On February 23, 2017, TK Boat Rentals filed a limitation-of-liability action related to the accident.[11] On March 24, 2017, Beck and other passengers (collectively, “Plaintiffs”) instituted an action for damages against several defendants, including Extreme Fishing, TK Boat Rentals, Wetzel, Boudreau, St. Clair, and GEICO (which Plaintiffs allege was St. Clair’s insurer on the date of the collision).[12] On April 19, 2017, St. Clair and Boudreau jointly filed a limitation-of-liability action.[13] The two limitation actions and Plaintiffs’ suit for damages were consolidated into this action.[14] Plaintiffs eventually added a claim against AGCS, the alleged insurer of Wetzel[15] and Extreme Fishing.[16]

         On February 15, 2018, St. Clair, Boudreau, and GEICO filed a crossclaim against AGCS, alleging that the Charter Value Vessel Policy AGCS issued to Wetzel covering the Kingfish (the “AGCS policy”)[17] provided coverage to Boudreau for Extreme Fishing’s use of St. Clair’s vessel.[18] On September 6, 2018, this Court issued an Order and Reasons (the “September 6, 2018 Order”), holding that AGCS has a duty to defend Boudreau under the AGCS policy.[19] This Court subsequently issued the August 7, 2019 Order, holding that GEICO and AGCS are Boudreau’s co-primary insurers, responsible for their pro rata share of his loss arising out of this matter.[20]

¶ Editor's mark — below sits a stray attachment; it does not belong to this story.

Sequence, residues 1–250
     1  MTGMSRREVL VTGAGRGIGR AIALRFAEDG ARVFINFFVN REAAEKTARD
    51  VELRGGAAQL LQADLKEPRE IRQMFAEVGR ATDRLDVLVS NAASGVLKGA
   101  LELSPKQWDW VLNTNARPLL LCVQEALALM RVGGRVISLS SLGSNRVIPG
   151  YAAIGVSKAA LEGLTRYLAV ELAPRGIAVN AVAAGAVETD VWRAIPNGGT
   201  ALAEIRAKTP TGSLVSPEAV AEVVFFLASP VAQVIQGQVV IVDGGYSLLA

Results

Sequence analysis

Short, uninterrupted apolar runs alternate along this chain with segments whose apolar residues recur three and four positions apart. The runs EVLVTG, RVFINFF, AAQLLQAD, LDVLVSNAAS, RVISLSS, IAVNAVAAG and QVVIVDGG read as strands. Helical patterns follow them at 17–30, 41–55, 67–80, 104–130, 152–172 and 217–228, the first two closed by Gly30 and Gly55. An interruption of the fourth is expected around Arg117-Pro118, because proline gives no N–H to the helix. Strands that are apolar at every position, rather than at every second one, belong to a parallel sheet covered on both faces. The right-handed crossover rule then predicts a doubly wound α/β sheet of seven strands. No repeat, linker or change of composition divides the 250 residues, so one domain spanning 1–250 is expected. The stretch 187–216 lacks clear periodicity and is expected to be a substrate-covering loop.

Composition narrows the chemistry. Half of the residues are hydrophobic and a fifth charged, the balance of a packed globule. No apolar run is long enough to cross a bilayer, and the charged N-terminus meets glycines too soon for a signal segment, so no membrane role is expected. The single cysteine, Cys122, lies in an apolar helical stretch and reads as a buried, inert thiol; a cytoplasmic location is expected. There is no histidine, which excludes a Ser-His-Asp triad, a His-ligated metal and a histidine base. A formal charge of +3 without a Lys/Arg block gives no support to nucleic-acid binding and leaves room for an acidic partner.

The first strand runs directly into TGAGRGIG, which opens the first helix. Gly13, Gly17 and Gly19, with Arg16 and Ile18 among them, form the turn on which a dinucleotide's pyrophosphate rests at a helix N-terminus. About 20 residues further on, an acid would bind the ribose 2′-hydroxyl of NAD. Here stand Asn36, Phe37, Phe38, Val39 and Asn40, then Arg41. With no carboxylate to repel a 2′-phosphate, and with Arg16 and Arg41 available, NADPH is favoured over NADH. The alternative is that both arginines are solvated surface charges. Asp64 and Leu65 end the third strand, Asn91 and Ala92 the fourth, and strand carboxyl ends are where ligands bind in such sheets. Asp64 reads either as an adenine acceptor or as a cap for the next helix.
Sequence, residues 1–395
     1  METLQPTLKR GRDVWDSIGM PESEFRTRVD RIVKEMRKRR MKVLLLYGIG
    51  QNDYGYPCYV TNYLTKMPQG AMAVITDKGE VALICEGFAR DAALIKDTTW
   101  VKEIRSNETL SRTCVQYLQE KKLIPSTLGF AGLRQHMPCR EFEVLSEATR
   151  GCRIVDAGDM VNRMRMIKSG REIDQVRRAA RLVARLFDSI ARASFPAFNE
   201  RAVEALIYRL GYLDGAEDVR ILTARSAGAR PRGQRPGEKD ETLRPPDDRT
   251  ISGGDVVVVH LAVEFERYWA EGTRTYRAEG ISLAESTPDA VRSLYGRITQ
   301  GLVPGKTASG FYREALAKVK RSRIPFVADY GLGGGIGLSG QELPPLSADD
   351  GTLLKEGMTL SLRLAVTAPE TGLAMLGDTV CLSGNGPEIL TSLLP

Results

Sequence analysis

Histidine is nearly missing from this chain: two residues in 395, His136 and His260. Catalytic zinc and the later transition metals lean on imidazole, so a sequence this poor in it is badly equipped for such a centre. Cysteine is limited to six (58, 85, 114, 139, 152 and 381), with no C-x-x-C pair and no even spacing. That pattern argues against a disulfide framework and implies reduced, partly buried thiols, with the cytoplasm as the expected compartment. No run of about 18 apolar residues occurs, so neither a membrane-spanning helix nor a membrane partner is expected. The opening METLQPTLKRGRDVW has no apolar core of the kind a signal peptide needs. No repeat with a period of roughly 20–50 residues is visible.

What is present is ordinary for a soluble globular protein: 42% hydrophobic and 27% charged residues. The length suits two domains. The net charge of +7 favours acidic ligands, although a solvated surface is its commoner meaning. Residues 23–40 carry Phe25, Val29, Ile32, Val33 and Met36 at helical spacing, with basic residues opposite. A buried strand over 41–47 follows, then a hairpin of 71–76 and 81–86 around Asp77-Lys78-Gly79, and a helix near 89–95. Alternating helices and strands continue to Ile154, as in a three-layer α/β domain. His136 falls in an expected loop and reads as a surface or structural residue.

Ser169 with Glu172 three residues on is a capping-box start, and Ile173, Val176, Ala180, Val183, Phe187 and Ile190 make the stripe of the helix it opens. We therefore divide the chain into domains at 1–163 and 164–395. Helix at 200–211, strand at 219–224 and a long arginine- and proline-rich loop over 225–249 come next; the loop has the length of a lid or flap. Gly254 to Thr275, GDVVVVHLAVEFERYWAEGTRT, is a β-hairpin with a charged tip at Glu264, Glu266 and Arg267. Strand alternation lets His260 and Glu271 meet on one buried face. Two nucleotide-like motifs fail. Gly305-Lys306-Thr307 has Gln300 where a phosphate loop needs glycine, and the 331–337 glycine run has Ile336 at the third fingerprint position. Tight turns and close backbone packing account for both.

AGCS now moves for summary judgment on three “practical questions” which it claims the Court left “unanswered.”[21] First, AGCS argues that it “should only be responsible for 1/6 of any fee entries for work on behalf of Boudreau, [GEICO], and St. Clair, ” because AGCS is only responsible for half of Boudreau’s defense as his co-primary insurer, and Boudreau has thus far been represented by the same counsel as GEICO and St. Clair.[22] Second, AGCS argues that it has “no responsibility for any fee entries by Boudreau’s counsel for work pertaining to insurance coverage issues.”[23] Last, AGCS claims it is not responsible for any amounts of Boudreau’s defense “prior to filing his Cross-Claim against AGCS on February 15, 2018.”[24]